Poet Maureen McDole Enjoys Life’s “Feast” • St Pete Catalyst

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It was in 2011 when Ray Hinst, owner of Haslam’s Books, immediately told Maureen McDole that he was not a fan of poetry, but because she was local, she still agreed to store her. two pounds. Weeks later, Hinst confessed to him that he had picked them up and read them, and that she had made him a convert. He loved her poetry.

“It’s probably the best compliment I’ve ever received,” McDole says.

Never doubt the transformative power of the written word – not only can it do impressive things for the reader, it can be a form of healing and catharsis for the writer.

This is the great advantage of Maureen McDole in keeping a journal, which she does religiously, and in writing poetry. His third volume, Feast, is published this week by St. Petersburg Press.

“Life is difficult,” said the 46-year-old. “We’re all in one existential crisis after another, if we’re being honest. If we want to evolve and grow. So I write my way out.

Feast comes a decade after its predecessor. It’s been a hell of a decade, she says – the first ones, anyway. It has all been a cumulative period of tremendous growth and fulfillment for her.

Ten years ago, McDole worked his way into a marriage that was going nowhere quickly. Many poems by Feast talk about betrayal, hurt and loss.

An equal number, however, are optimistic. On the one hand, raising her daughter, Lily, has become a priority for her and a huge source of pride.

And she invested in her writing. “I write three pages in my journal every day,” McDole says. “I’m just processing my life. I am a researcher. I’m still trying to locate myself where I am in the universe right now.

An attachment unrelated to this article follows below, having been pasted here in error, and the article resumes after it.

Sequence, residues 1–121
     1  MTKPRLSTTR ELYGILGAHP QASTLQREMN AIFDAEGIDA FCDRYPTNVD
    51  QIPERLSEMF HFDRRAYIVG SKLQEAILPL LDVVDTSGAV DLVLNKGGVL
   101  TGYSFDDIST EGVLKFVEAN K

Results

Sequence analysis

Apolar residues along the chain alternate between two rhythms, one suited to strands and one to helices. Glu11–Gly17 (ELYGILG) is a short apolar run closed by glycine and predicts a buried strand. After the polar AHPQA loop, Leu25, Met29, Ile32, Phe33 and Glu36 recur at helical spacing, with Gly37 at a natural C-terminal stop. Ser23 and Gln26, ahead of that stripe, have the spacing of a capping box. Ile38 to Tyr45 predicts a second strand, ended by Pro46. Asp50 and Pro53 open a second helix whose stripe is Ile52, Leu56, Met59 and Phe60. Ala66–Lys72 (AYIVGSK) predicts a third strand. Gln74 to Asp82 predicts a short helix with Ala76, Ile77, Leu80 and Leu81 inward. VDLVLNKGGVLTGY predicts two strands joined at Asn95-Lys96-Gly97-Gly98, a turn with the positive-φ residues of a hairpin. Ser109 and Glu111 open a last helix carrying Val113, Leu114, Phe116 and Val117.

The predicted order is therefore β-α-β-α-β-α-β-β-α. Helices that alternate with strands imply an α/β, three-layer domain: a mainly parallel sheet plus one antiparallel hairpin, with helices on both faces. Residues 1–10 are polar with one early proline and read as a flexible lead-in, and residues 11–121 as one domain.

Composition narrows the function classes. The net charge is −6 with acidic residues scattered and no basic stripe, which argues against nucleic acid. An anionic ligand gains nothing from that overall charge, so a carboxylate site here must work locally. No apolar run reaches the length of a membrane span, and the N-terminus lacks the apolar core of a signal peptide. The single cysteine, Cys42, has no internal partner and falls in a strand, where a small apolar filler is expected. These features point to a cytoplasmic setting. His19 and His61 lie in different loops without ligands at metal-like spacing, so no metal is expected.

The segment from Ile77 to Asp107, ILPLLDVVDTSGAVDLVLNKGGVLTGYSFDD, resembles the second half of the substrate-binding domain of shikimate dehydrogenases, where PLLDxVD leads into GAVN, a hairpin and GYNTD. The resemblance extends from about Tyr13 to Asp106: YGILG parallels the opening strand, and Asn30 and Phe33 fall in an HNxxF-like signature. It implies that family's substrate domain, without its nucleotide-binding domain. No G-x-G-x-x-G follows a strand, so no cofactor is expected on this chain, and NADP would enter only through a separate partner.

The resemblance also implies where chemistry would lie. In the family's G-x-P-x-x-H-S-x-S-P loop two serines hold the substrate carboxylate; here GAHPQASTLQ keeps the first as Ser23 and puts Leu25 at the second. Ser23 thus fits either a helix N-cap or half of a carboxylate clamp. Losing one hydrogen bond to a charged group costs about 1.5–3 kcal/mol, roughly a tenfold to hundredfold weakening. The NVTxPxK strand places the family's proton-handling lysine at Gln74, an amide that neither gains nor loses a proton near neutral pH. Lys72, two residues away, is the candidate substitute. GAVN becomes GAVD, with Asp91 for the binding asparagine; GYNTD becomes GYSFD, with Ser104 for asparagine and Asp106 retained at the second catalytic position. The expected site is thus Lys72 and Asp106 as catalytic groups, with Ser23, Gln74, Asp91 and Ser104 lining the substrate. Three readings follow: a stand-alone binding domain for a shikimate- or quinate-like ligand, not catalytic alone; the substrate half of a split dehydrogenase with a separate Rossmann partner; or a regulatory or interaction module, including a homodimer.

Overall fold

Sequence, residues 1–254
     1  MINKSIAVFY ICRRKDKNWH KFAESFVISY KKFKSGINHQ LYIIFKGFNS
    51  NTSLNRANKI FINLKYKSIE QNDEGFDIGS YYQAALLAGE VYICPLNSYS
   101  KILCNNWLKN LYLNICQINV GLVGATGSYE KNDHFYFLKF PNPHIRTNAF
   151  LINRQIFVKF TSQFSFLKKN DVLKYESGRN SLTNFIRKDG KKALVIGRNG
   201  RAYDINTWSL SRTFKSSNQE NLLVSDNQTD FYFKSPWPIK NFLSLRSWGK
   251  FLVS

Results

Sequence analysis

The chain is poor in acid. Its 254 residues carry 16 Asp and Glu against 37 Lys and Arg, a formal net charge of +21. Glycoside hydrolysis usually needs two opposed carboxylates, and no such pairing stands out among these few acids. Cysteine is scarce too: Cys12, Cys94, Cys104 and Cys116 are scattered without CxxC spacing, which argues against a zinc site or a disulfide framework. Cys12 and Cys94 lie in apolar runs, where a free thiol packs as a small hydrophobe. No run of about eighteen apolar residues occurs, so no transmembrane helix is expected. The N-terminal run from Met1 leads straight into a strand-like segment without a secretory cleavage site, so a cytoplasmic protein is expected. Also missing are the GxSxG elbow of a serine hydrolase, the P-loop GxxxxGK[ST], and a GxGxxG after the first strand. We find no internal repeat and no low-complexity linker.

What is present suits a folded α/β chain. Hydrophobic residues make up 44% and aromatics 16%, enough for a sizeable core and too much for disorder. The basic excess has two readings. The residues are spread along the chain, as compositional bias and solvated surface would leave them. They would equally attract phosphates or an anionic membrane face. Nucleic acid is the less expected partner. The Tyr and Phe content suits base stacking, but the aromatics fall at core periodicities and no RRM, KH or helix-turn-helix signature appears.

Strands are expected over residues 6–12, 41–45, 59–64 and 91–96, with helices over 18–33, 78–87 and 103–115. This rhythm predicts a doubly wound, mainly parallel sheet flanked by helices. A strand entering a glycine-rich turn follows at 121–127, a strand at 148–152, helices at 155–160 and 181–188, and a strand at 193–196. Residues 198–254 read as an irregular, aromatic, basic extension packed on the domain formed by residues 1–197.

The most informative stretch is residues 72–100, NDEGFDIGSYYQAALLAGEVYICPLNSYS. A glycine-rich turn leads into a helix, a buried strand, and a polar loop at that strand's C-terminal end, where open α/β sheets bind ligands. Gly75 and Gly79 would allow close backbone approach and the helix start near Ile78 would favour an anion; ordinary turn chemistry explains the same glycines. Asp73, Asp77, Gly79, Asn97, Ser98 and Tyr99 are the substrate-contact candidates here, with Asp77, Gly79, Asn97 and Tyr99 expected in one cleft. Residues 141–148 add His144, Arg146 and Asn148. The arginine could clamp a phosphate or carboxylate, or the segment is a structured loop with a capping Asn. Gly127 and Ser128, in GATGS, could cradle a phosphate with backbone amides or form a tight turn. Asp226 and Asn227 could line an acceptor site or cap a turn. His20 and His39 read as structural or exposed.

“I am a creative and I am very passionate. And I’m still trying to figure out what my role is.

Shortly after the divorce was finalized, she found her role. A native of St. Petersburg, McDole wanted to give something back. “I manifest whatever I want. It might not be exactly as I see it, but I write it down as a way of placing myself in the world. Be intentional.

She created Keep St. Pete Lit, a nonprofit organization with a singular purpose – to give resident writers, readers and literary types a cohesive regimen of available classes, groups, readings and events. To keep the written word where Maureen McDole firmly believes it should be, front and center.

It’s because she knows how powerful it can be.

Feast is a recognition and celebration of his personal rebirth. “My whole life is different,” she says. “Most of my friends, ninety-seven percent of my very dear friends now, came after the divorce. My whole career with Keep St. Pete Lit, after that. All.”

Every now and then she thinks back to who she was 10 years ago: “A single mother with a degree in English, heavily in debt and living with her mother in Seminole, driving a car with no air conditioning, and the window on the driver’s side.” would not stoop. But it was my life.

Keep St. Pete Lit resurrected like a phoenix from the ashes of what she left behind. “I had no nonprofit experience and no money. And I didn’t know anyone with money. But I tried it, and it was fun. I needed to have fun. And it was cool not to be crowded. This is really what the transformation has been.

Maureen McDole and fellow poet Sara Ries Dziekonski to read and celebrate Feast (and that of Dziekonski marry Maracuyá) Thursday November 4 at studio @ 620.

Feast is available from St. Petersburg Press and Tombolo Books.

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